We recently looked at how to say sorry in business and why it is so important in the age of social media. Well we’ve taken a look into the archives to uncover some of the least successful public apologies – and an example that highlights how it should be done.
Henry IV freezes in the snow
Sometimes actions speak louder than words. This was certainly the intention of Holy Roman Emperor Henry IV when he set out in 1077 to beg for forgiveness after he had questioned Pope Gregory VII’s authority by appointing his own bishops. Three days of kneeling in the snow was all it took for the Pontiff to accept his apology, but less than three years later Henry IV had another change of heart and deposed Pope Gregory VII.
Lesson learnt: There’s no point apologising if you don’t plan on sticking to your word.
Obama buries apology in bill
In December 2009 American President Barack Obama signed the 2010 Department of Defense Appropriations Act in private. On the face of it this was a relatively mundane piece of news. Except that on page 45 was an apology to the Indigenous peoples of America – known as the Native American Apology Resolution – for the ‘many instances of violence, maltreatment, and neglect inflicted on Native Peoples by citizens of the United States.” Pretty serious stuff we’re sure you’ll agree, so an apology hidden deep inside another bill doesn’t really cut it in our opinion.
Lesson learnt: Don’t demean an apology by hiding it within something else.
The Dominos crisis of 2009
When two employees made a video of them putting cheese up their nose and other pranks in a Dominos kitchen, the pizza delivery chain took more than 48 hours to react. Worried that a public apology would alert more people to the video, they instead took the silent option. Until it all became too much and they had to speak out, by which time the damage had been done.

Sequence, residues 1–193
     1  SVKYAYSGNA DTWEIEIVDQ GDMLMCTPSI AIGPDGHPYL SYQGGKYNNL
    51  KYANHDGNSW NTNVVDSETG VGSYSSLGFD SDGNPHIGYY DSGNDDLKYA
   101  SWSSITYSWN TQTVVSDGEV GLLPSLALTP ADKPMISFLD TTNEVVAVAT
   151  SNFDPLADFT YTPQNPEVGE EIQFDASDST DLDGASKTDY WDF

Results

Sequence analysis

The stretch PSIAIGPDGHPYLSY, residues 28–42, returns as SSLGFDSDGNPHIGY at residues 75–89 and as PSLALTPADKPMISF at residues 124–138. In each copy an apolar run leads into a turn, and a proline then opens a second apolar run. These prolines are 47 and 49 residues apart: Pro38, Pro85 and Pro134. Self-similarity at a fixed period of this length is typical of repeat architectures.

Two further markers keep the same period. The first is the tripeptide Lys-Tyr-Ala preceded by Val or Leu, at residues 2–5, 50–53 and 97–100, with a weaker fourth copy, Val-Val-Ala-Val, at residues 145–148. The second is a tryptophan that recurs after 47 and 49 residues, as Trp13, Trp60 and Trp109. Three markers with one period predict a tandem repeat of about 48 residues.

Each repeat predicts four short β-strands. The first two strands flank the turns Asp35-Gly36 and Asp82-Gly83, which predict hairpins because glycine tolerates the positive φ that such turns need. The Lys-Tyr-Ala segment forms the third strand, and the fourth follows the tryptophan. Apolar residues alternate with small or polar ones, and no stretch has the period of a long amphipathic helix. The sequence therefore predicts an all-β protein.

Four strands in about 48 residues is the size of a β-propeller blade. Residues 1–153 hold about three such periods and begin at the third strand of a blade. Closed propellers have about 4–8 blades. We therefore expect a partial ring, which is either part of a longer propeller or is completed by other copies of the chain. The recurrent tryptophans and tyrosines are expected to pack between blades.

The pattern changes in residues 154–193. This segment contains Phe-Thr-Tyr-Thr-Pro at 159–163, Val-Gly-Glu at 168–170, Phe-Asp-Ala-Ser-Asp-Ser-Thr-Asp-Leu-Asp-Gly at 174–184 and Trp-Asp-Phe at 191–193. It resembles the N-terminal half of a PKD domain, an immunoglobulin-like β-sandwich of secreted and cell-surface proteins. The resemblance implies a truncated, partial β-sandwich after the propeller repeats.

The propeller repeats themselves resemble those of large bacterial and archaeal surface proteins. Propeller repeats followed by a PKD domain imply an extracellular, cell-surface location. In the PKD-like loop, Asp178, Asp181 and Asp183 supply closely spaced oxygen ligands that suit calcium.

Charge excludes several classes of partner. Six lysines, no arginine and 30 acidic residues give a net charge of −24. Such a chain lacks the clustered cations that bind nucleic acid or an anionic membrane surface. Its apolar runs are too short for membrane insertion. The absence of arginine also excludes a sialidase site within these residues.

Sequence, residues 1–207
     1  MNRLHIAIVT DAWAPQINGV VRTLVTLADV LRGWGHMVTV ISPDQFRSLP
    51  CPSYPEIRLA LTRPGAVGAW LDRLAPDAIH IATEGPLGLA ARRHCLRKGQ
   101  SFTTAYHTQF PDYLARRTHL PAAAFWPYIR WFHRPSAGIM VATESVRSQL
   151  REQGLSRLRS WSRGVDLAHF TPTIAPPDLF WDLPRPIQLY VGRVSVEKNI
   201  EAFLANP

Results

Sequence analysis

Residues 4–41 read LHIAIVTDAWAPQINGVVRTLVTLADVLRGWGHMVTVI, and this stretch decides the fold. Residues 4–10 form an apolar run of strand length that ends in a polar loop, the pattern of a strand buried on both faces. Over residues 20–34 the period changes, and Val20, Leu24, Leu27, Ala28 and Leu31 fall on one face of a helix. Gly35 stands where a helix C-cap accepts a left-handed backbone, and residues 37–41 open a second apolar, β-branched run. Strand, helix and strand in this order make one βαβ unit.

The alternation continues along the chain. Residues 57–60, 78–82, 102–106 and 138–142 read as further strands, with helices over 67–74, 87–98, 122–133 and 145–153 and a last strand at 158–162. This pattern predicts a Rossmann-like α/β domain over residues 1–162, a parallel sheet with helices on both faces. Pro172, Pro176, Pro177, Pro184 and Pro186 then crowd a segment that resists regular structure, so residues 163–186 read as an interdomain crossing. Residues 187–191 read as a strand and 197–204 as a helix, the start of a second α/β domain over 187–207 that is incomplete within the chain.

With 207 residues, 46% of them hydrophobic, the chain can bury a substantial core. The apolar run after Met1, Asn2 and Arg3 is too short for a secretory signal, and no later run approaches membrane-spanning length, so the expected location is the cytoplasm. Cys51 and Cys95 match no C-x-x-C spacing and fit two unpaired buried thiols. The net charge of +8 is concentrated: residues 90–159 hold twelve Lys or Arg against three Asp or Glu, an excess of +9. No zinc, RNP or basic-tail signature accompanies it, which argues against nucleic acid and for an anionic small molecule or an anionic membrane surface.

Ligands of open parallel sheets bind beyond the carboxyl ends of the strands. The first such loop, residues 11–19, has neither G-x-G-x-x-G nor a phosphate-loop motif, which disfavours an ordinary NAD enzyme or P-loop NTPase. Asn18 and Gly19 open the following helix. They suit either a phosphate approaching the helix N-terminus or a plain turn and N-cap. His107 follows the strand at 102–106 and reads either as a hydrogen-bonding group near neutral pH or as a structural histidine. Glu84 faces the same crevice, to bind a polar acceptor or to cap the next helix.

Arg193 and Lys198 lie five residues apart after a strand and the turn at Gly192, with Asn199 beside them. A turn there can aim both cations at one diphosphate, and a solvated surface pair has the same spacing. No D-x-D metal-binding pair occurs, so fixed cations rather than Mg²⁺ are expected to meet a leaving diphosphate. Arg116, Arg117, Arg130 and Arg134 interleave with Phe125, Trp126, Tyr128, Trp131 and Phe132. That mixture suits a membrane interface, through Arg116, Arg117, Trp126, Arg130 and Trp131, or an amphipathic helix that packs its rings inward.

Lesson learnt: Don’t hang about; you’ve got to react within 24 hours.
Network Rail 2014 Christmas travel trouble
When engineering work overran around Christmas last year, King’s Cross had to remain closed on one of the busiest travel days of the festive period. Absolute chaos ensued as Finsbury Park went into meltdown and many people were left stranded and unable to travel. Network Rail managing director for network operations, Robin Gisby, apologised for the delays but pinned most of the blame on signalling issues and broken down machinery which just made people angrier.
Lesson learnt: Don’t hide behind excuses.
Lance Armstrong’s seven sins
Ah yes; Mr Armstrong, one of the most infamous figures to ever grace the world of sport. Stripped of his seven Tour de France titles after admitting to doping, Armstrong said: “I view this situation as one big lie I repeated a lot of times.” His apology didn’t exactly wash with all those people he conned and cheated, not to mention the staff of his Livestrong Foundation charity.
Lesson learnt: Sometimes there are no words to fix the mess.
And a more successful attempt?
Public apologies are meant to draw attention away from the problem, which is why many of the most successful apologies are quickly forgotten. But when storms forced the cancellation of more than 1,000 flights in 2007, the JetBlue CEO and founder created a video to apologise virtually face-to-face to the travellers who were affected. It was one of the first apologies of its kind and the promises he put in place helped to reassure and appease customers.
Can you remember a good or bad public apology? Share them with us by leaving a comment below or tweeting us @strattoncraig